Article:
Rambling with Martin Harley
While Americans were listening to the Culture Club and its song “Karma Chameleon,” Martin Harley was living in Woking, England, discovering the Mississippi blues and the music he was destined to play. With a slide on his Weissenborn guitar and a gritty voice that teases and pleads, Harley sounds like he grew up playing juke joints in the Delta. He toured the United States in 2013, opening for ZZ Ward, and played at The Soul Kitchen in Mobile. The Southern Rambler interviewed Harley on the Cayamo music cruise, where he was playing with his good friend Sam Lewis.
The Southern Rambler: Why was Mississippi blues the key to unlocking music for an Englishman like you?
Martin Harley: It started with the first time I heard “Smokestack Lightning.” The blues has always been beguiling, magical, mysterious, sexy and voodoo. Mississippi was exotic and wild compared to the straightforwardness of England and the end of the Thatcher era. It was a voice reaching out that made sense. When I was 15 or 16, I listened to Ry Cooder and the Paris, Texas soundtrack. The open tuning and bottleneck guitar were new to me. A few years ago I went to a blues festival in Mississippi and got Robert Johnson’s The Complete Recordings. I also went to Clarksdale and played at Red’s Lounge and Ground Zero. That was exciting for me.
You have an adventurous streak and say you bring things on yourself. What were you like as a kid?
I was quiet. My dad worked in animal welfare and my mom is a special needs teacher. My sister is an academic. I was artistic and quite shy. Bicycles were my first taste of freedom and I have always been obsessed with anything on two wheels. I am still into motorcycles. I kept to myself a lot and my life didn’t make sense until music. I started out in art and went to college in architecture, but music is a hobby that turned into a dream. It gave me focus and the creative output and healing nature of having some kind of self expression. I am a bit lost without music. Music is such an evolutionary thing and hearing a great song makes you think you aren’t alone in the world.
You had radio success with the album MojoFix and the title song was featured on the television show, “The Vampire Diaries.” Why did your sound change for that album and then return to the blues for Live at Southern Ground?
My manager at the time wanted to evolve my sound to see what we could do. I went into the studio with a bunch of half-finished songs and that gave birth to an album. MojoFix was, “Let’s go crazy and lay a bunch of guitar tracks down.” It was a lot of fun and interesting to have the rock dream and songs in TV shows like “The Vampire Diaries,” but I have distanced myself from that record.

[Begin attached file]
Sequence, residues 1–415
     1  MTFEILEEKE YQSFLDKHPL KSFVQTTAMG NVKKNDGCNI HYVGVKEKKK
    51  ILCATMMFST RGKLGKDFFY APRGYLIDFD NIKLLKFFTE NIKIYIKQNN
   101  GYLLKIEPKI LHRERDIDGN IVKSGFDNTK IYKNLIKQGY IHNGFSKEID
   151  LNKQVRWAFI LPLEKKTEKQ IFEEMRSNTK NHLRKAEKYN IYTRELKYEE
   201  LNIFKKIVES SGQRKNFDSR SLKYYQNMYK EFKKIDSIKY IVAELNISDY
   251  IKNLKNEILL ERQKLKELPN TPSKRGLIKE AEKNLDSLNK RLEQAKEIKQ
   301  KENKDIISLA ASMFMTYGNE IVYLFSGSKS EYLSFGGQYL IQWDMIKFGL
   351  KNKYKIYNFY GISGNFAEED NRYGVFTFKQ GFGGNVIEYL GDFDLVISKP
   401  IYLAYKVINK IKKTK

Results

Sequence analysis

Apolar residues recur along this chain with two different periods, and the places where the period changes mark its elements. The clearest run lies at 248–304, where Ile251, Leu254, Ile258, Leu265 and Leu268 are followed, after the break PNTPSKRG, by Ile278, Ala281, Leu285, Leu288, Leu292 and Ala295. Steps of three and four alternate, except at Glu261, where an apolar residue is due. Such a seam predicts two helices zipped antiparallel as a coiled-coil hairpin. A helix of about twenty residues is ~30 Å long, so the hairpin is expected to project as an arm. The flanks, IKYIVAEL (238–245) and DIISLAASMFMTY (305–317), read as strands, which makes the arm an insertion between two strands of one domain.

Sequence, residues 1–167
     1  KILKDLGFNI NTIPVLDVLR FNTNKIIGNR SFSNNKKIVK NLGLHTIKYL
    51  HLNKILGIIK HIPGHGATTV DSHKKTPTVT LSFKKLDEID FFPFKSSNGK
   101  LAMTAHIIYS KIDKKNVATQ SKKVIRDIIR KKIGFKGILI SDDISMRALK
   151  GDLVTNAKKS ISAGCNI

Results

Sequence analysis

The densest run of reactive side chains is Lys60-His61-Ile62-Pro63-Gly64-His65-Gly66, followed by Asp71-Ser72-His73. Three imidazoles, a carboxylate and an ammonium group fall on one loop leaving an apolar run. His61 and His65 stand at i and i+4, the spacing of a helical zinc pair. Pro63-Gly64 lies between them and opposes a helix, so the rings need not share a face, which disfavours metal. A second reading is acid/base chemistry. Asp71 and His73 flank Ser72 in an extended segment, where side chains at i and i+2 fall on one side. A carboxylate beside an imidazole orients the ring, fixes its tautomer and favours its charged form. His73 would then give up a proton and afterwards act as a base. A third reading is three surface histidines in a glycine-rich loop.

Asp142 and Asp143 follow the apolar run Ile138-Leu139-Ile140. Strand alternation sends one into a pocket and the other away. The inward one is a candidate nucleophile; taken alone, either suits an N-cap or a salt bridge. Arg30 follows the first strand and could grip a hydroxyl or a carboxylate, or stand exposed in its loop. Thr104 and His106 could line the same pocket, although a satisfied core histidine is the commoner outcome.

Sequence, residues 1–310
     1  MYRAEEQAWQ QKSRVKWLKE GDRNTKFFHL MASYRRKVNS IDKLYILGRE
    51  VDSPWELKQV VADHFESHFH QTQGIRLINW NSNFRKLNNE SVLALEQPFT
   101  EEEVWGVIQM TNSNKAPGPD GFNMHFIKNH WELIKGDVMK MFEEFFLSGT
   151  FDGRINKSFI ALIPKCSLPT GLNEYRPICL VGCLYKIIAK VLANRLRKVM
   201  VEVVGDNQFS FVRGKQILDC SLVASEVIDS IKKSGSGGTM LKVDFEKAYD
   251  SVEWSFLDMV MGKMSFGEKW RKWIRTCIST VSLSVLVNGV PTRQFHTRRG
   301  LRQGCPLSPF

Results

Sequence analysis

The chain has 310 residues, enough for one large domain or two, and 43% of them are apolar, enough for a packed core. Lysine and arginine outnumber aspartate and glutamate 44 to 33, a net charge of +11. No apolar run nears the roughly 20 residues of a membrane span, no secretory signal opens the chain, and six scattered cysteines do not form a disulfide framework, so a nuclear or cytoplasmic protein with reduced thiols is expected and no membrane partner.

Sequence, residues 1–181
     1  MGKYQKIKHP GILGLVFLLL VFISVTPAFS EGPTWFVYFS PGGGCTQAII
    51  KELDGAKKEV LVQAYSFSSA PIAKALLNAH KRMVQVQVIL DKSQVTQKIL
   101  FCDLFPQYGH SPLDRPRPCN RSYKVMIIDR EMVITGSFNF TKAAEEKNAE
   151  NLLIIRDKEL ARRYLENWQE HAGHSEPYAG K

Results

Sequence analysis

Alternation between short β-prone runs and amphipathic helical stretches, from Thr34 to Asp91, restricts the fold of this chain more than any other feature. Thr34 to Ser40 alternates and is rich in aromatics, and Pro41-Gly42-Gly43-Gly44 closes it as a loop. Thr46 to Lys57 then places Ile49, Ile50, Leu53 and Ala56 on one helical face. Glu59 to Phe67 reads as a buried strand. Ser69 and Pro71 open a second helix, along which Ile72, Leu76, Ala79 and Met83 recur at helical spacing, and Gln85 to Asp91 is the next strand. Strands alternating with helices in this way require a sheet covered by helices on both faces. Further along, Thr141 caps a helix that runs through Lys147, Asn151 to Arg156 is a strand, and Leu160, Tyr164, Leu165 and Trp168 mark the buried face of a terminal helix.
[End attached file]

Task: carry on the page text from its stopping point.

You made Live at Southern Ground in four hours after a night of drinking?
We cut it in four hours because we had no time for rehearsal. Bass player Daniel Kimbrough and I had just played a few festivals together and I wanted to do a fun record of us playing together. I didn’t really think it would be something I could put out. We were so excited about recording that we went out and got drunk the night before. The next morning we wondered why we did it, but then had a couple of drinks and lunch. We played through everything twice and that was it. I had been wanting to make a record that sounds like what I play on stage.
I received a Music Export Growth Scheme grant (from the UK Trade and Investment) that helps cover the promotion costs of marketing and touring, and getting in front of programmers and festival organizers. I started my own record company to put out Live at Southern Ground. It has been a transitional year with little time left for songwriting. I don’t know when I am going to write songs, but it needs to happen fairly soon.
You aren’t writing songs now?
The last three years have been stark and I haven’t had much to say that I feel like people need to hear. Songwriting is like car parts, sometimes you pick out the intro, riff and verses. You end up with lines you like and a bunch you don’t and you try to make a vehicle out of the bits and pieces. I have a lot of phone recordings and have about 100 songs I work on little bit by little bit. I probably have 50 recordings of the same song. Other songwriters are much more focused than me. If I ever put lazy lyrics in a song where I knew I was just filling a gap, that boils my piss because then I have to live with it. There are songs I wrote 10 years ago that I didn’t write as well as I could do now. You never know if what you are writing is any good. No one is standing there telling you that you wrote a fucking awesome song today. But then you get in front of people. “You get what I am talking about. This is cool.” Songwriting is putting yourself out there, standing in front of the whole school stark naked. “I am frightened, the world scares me and the only way I can fix it is to stand in front of you and tell you about it. Please let this work.” It is scary. The literal writers are the bold and brave people. People like me hide behind the slightly more surreal.